Independent candidate for governor Eliot Cutler accused Gov. Paul LePage of showing ‘willful ignorance” by supporting Cate Street Capital, a company that was provided tens of millions of dollars in state credit to help save two paper mills but ultimately failed to deliver.

Cutler, at a news conference Tuesday at his Portland office, said LePage showed poor leadership by not properly vetting the New Hampshire-based equity firm, for promising and then delivering public assistance and for personally going to bat for a company with a dubious track record.

“The story of Cate Street Capital, its investors and Maine’s governor is a massive scandal. Corporate welfare and crony capitalism at its worst,” Cutler said. “Before the state of Maine goes the way of Great Northern, we need new management.”

His comments came about a week after Great Northern Paper Co. declared bankruptcy and prepared to liquidate its assets. The company owes $50 million to nearly 1,000 creditors and Cutler said Maine could be on the hook for $15.9 million in payments made to investors who backed Cate Street through the New Market Tax Credit program, a program that was created largely to benefit Cate Street.

The federal New Market Tax Credit program has come under scrutiny by the Government Accountability Office, an independent agency that investigates, evaluates and audits federal agencies and programs. In August, the GAO found that the complex investment deals were “masking rates of return” for investors, in some cases leading to returns well above market rates.

The difference between Maine’s program and a similar federal program is that the credits are refundable.

Cate Street, which owns the Great Northern paper mill in East Millinocket and a former mill in Millinocket that is being demolished, still has not commented publicly since last week’s bankruptcy announcement.

The governor’s economic development commissioner, George Gervais, said the state was still working hard to find new investors for the properties.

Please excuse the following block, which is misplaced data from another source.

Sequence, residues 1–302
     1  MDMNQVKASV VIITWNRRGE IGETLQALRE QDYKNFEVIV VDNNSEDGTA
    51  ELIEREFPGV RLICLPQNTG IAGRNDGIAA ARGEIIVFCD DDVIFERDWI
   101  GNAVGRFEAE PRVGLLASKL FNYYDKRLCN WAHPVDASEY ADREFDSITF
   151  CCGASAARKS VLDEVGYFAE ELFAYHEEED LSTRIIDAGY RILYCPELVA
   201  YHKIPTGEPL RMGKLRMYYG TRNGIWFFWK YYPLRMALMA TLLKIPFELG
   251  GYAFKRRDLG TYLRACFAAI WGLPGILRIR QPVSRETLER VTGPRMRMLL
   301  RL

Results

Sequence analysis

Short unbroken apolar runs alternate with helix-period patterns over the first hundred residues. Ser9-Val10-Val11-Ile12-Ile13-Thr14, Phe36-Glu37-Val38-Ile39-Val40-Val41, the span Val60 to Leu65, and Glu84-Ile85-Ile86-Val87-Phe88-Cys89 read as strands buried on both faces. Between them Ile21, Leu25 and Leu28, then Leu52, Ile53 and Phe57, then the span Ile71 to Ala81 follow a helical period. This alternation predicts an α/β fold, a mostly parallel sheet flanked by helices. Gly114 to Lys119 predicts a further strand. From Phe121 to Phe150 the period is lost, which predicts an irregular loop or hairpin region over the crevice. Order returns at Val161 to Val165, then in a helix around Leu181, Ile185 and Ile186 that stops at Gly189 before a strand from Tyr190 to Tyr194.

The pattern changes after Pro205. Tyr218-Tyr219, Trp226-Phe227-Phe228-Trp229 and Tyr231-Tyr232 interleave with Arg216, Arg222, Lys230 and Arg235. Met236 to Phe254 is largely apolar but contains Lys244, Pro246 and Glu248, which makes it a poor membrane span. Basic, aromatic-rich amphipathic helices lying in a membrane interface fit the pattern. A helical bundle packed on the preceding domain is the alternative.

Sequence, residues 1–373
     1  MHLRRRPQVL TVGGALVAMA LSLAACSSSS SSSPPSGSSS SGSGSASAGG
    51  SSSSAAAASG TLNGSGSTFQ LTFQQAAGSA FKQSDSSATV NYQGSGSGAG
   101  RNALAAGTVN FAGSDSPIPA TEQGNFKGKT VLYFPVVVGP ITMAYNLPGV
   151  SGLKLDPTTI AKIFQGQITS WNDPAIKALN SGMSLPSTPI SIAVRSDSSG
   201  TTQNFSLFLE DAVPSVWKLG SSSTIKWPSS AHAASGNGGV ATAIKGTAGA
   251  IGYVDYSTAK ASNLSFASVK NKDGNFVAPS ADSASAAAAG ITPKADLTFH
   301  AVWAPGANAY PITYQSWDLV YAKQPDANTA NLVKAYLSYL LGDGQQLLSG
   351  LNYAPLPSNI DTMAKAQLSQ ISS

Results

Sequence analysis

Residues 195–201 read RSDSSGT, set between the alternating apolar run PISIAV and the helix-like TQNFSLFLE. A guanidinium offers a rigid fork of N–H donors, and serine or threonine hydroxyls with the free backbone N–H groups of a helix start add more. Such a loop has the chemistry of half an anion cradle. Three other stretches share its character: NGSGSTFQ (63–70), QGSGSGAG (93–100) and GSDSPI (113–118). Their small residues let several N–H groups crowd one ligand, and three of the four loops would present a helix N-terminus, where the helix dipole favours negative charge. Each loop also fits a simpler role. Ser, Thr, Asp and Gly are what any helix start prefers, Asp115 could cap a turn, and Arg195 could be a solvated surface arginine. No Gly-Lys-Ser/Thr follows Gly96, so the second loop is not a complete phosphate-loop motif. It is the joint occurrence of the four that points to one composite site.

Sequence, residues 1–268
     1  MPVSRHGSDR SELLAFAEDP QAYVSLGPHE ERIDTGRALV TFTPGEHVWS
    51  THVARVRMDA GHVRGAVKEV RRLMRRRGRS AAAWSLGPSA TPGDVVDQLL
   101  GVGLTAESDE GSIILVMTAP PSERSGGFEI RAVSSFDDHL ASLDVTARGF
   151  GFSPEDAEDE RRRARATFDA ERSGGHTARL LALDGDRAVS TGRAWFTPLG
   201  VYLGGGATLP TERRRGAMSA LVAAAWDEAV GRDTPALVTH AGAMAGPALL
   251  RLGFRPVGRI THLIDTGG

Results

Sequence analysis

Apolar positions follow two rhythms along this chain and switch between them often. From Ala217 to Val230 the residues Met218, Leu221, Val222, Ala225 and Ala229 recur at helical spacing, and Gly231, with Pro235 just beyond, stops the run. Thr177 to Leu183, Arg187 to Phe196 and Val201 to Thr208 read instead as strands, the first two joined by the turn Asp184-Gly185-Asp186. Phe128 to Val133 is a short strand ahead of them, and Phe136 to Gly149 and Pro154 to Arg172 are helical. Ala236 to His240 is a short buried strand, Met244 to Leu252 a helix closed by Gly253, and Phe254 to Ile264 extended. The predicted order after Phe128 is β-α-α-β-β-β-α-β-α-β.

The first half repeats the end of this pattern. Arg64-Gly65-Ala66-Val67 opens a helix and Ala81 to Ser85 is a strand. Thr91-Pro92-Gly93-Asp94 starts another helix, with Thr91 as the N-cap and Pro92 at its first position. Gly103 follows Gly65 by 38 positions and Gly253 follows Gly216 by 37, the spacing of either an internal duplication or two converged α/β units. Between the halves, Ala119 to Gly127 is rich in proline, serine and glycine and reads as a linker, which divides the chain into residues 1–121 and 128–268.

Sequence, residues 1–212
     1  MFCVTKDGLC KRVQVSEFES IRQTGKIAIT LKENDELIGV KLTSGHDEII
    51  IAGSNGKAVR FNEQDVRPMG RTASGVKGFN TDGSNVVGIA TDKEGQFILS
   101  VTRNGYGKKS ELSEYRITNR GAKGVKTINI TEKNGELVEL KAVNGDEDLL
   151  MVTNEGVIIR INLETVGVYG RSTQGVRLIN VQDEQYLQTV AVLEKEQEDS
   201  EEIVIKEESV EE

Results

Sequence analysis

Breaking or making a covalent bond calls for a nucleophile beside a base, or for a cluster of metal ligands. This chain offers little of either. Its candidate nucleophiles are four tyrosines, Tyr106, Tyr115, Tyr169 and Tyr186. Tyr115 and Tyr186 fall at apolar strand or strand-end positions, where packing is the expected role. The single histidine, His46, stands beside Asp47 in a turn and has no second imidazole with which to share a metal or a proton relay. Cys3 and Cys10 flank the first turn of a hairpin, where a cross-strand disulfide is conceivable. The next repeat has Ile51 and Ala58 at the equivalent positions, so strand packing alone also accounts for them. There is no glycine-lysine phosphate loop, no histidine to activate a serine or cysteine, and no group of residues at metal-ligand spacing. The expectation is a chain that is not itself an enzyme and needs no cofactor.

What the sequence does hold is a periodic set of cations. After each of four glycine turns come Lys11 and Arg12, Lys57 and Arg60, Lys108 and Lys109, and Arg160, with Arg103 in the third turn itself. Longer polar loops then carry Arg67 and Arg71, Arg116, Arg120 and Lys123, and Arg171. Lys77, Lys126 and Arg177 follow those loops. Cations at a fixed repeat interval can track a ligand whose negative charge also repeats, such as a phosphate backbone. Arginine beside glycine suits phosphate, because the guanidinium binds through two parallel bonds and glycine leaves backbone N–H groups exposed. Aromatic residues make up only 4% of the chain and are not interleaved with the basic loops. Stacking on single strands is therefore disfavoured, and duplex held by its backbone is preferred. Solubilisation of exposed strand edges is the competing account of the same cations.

As for Cutler’s claims, Gervais called them inaccurate.

“This purely political campaign outburst is getting in the way of any progress,” he said, adding that without Cate Street’s investment, the mill would have closed more than two years ago and more than $40 million in payroll would have been lost.

The mill’s closure put nearly 250 people out of work and could signal the end of papermaking for a region that was once defined by the industry.

U.S. Rep. Mike Michaud, the Democratic candidate for governor who worked for the East Millinocket mill for 29 years, has not been outwardly critical of Cate Street Capital but has said there are lots of unanswered questions. His campaign has said Michaud does not want to politicize the issue or jeopardize any negotiations that might be going on.

Cutler, though, has been critical of Cate Street for months, long before the bankruptcy filing by Great Northern

“The people of Maine have been victimized in a financial shell game because no one – especially the Governor – was asking the hard questions,” he said Tuesday. “Now, we’re left with the question ‘where’s the money?'”

“The state’s pocketbook was opened wide to a company that should never have been permitted to cross the Portsmouth-Kittery Bridge.”

Staff Writer Eric Russell can be contacted at 791-6344 or:

[email protected]

Twitter: @PPHEricRussell

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